Kita, Tokyo

Special ward
City of Kita

Asukayama Park in Ōji, Kita, Tokyo



Location of Kita in Tokyo Metropolis

Location in Japan

Coordinates: 35°45′N 139°44′E / 35.750°N 139.733°E / 35.750; 139.733Coordinates: 35°45′N 139°44′E / 35.750°N 139.733°E / 35.750; 139.733
Country Japan
Region Kantō
Prefecture Tokyo Metropolis
  Total 20.61 km2 (7.96 sq mi)
Population (May 1, 2015)
  Total 340,287
  Density 16,510/km2 (42,800/sq mi)
Time zone Japan Standard Time (UTC+9)

Kita (北区 Kita-ku, "Northern Ward") is a special ward located in Tokyo Metropolis, Japan. The English translation of its Japanese self-designation is City of Kita. The ward was founded on March 15, 1947.

As of May 1, 2015, the ward has an estimated population of 340,287 and a population density of 16,510 persons per km². The total area is 20.61 km².


The area was a collection of rural villages and towns until the 1880s, when it was connected by rail to central Tokyo (Oji Station opening in 1883). Parts of the area joined Tokyo City in 1932 as the Oji and Takinogawa wards. Kita was officially formed in 1947 by the merger of these wards.[1]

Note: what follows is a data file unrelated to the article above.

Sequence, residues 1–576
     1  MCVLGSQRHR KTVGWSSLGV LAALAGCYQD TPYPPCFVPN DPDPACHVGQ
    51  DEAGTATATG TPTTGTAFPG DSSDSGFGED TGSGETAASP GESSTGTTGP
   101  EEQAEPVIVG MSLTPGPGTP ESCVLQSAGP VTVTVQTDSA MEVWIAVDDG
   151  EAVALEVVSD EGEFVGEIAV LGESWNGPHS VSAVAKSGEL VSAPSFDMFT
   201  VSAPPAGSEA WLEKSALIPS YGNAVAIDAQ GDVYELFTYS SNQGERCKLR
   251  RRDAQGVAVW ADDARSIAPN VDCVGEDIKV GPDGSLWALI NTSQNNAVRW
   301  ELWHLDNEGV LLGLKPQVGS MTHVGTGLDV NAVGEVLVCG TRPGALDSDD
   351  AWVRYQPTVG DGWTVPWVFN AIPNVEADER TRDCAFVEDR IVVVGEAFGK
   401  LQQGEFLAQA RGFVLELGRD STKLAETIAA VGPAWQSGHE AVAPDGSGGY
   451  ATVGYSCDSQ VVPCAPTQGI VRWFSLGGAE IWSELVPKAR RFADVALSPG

The name Kita, meaning "north," reflects the location among the wards of Tokyo. To its north lie the cities of Kawaguchi and Toda in Saitama Prefecture. To the east, south and west lie other special wards: Adachi, Arakawa, Itabashi, Bunkyō, and Toshima.

Rivers include the Arakawa River and the Sumida River.

Famous sites


The head office of Seiyu Group is in Kita.[2]


The city's public elementary and middle schools are operated by the City of Kita Board of Education.

The city's public high schools are operated by the Tokyo Metropolitan Government Board of Education.

The following international schools are in the ward:

The following universities are in the ward:




Notable people from Kita

International relations

Kita has a sister city relationship with Xuanwu District, Beijing, China.

It is also twinned with the following cities in Japan.


Wikimedia Commons has media related to Kita, Tokyo.
Wikivoyage has a travel guide for North Tokyo.
This article is issued from Wikipedia - version of the 11/1/2016. The text is available under the Creative Commons Attribution/Share Alike but additional terms may apply for the media files.